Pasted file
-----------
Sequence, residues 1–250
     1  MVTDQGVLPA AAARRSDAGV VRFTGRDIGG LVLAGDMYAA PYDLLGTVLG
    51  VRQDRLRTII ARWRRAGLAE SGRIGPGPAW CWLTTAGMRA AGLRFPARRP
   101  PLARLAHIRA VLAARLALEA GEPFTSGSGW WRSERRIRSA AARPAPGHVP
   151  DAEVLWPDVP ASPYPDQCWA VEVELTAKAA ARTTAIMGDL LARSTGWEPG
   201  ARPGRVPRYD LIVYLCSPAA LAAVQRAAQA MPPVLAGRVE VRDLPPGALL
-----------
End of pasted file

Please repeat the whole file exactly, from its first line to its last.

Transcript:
Sequence, residues 1–250
     1  MVTDQGVLPA AAARRSDAGV VRFTGRDIGG LVLAGDMYAA PYDLLGTVLG
    51  VRQDRLRTII ARWRRAGLAE SGRIGPGPAW CWLTTAGMRA AGLRFPARRP
   101  PLARLAHIRA VLAARLALEA GEPFTSGSGW WRSERRIRSA AARPAPGHVP
   151  DAEVLWPDVP ASPYPDQCWA VEVELTAKAA ARTTAIMGDL LARSTGWEPG
   201  ARPGRVPRYD LIVYLCSPAA LAAVQRAAQA MPPVLAGRVE VRDLPPGALL